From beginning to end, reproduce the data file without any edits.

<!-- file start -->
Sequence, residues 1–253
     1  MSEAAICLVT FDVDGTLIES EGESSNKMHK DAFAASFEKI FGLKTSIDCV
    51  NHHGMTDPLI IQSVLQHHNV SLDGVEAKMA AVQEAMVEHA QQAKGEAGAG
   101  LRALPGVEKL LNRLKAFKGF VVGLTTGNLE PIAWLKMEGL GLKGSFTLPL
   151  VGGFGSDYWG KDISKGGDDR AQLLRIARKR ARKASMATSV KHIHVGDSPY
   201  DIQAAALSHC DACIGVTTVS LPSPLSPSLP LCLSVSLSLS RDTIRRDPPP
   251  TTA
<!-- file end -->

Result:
Sequence, residues 1–253
     1  MSEAAICLVT FDVDGTLIES EGESSNKMHK DAFAASFEKI FGLKTSIDCV
    51  NHHGMTDPLI IQSVLQHHNV SLDGVEAKMA AVQEAMVEHA QQAKGEAGAG
   101  LRALPGVEKL LNRLKAFKGF VVGLTTGNLE PIAWLKMEGL GLKGSFTLPL
   151  VGGFGSDYWG KDISKGGDDR AQLLRIARKR ARKASMATSV KHIHVGDSPY
   201  DIQAAALSHC DACIGVTTVS LPSPLSPSLP LCLSVSLSLS RDTIRRDPPP
   251  TTA